Big time soccer is returning this summer to Dallas-Fort Worth’s finest soccer venue: The Cotton Bowl.
As Matt mentioned in Leading Off, the Cotton Bowl was named one of nine host venues for this summer’s Gold Cup tournament. The Gold Cup is North America’s premier international soccer tournament. Think of it as the North American equivalent of the European Championship or South America’s Copa América, although it doesn’t have the history or prestige of either of those two tournaments. But it is still a big deal, and it’s great that a third of the tournament’s nine venues are in the DFW area. In addition to the Cotton Bowl, AT&T Stadium in Arlington and Toyota Stadium in Frisco will host games. It will be quite a summer for soccer fans.
But it’s not just soccer fans who should be excited about this announcement. When the private event and entertainment company Spectra took over operations of Fair Park and the Cotton Bowl back in 2018, it promised that it would be able to lure high-profile sporting events back to the Cotton Bowl. The Cotton Bowl doesn’t even host the Cotton Bowl anymore – that game is now played out in Arlington. And classic events like the Red River Showdown have teased jumping ship as well. But Spectra promised new events, and it has delivered, jockeying its way into a collection of nine Gold Cup hosts that also includes the region’s other two prominent soccer venues.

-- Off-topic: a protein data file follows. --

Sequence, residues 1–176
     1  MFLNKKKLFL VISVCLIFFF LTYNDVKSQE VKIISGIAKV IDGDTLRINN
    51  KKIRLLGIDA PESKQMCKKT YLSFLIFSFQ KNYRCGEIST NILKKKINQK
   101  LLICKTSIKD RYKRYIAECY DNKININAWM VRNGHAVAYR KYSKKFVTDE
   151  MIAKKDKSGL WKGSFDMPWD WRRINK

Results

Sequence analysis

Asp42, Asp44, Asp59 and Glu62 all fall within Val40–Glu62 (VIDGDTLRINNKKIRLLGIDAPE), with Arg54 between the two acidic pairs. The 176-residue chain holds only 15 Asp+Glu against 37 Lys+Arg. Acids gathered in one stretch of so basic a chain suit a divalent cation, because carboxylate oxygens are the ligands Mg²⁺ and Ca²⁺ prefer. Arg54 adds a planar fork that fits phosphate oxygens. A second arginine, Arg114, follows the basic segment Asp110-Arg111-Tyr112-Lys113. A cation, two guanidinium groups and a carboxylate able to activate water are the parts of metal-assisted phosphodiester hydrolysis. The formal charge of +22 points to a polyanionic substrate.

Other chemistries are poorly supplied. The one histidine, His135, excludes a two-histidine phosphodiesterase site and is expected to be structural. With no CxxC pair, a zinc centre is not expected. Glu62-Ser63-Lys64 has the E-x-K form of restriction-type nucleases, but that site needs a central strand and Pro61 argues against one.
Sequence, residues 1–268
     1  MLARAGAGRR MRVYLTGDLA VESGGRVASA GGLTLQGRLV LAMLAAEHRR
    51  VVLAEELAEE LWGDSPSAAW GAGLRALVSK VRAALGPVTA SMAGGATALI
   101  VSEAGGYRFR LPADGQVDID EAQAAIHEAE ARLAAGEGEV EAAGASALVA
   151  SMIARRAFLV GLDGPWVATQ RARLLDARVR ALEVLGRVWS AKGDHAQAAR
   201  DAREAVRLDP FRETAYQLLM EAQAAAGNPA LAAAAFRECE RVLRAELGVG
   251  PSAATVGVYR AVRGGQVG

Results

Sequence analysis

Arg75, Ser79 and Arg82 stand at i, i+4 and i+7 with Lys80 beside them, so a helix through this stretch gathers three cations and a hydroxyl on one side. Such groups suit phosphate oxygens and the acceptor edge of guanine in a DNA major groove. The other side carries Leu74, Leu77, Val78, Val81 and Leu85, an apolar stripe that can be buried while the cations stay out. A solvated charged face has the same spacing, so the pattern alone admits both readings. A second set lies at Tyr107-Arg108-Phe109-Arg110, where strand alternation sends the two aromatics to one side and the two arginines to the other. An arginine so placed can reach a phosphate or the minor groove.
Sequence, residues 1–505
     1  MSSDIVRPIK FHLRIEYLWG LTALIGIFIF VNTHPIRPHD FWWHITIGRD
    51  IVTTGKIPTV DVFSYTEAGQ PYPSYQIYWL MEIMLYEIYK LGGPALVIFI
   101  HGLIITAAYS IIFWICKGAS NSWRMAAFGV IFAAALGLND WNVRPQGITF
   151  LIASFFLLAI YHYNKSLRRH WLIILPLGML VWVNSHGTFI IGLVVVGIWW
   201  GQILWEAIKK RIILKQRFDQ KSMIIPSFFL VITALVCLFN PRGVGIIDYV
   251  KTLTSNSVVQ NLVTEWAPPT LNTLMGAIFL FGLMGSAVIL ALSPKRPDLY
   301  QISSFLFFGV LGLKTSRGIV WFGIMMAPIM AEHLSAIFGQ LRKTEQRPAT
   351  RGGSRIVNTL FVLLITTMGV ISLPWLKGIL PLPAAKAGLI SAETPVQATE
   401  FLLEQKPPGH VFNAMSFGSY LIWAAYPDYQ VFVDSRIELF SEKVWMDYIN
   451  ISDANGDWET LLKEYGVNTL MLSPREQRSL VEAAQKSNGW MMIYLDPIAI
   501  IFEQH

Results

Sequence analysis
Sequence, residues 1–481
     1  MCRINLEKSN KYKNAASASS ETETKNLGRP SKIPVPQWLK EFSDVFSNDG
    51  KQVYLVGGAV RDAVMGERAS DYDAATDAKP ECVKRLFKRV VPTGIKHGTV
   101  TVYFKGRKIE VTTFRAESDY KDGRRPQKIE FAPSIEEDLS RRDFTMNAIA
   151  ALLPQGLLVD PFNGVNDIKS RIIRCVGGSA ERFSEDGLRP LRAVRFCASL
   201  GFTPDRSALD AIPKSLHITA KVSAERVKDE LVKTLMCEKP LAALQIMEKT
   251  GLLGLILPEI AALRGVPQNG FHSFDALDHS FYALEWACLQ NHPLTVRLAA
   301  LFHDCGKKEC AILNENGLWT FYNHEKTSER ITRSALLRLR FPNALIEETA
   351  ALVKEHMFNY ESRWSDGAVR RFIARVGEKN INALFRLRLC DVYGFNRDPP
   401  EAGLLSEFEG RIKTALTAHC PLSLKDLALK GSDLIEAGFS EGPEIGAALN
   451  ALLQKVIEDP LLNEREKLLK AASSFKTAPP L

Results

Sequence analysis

We don’t know yet how CONCACAF plans to spread the play around the three area stadiums; the tournament’s full schedule has not yet been released. The tournament is concentrated in a few regions (half the venues are in Texas), which is likely a COVID-related strategy, though the press release doesn’t say. I hope for soccer fans’ sake that Fair Park gets its fair share of games, and that the Cotton Bowl is packed with (vaccinated) fans. That’s because, to me, the Cotton Bowl has always stood as the region’s best soccer venue.
I’ve seen games at all three of the venues that will host this summer’s Gold Cup. AT&T Stadium in Arlington is, unsurprisingly, the worst. It’s too large for the sport, too diffuse. The atmosphere feels antiseptic and lacks intimacy. Toyota Stadium in Frisco, on the other hand, is a wonderful footy venue precisely because it is small and intimate. The sunken field and bowl-shaped stands help to meld the energy of the crowd with the action on the field.
Neither, however, can compare with the Cotton Bowl. For decades, the city lamented its inability to upgrade the old stadium, which was constructed in stages – concrete stacked on concrete – beginning in 1930. More layers were added in the 1940s, along with its distinctive deco façade, a rectangular shard that could be mistaken for the entry to a large, institutional urban high school or a mid-century prison. The chairs didn’t even have backs until 1968. It is utilitarian, hard-nosed, and doesn’t pamper. The stadium is modestly designed to allow attendees to bear witness to a field of battle.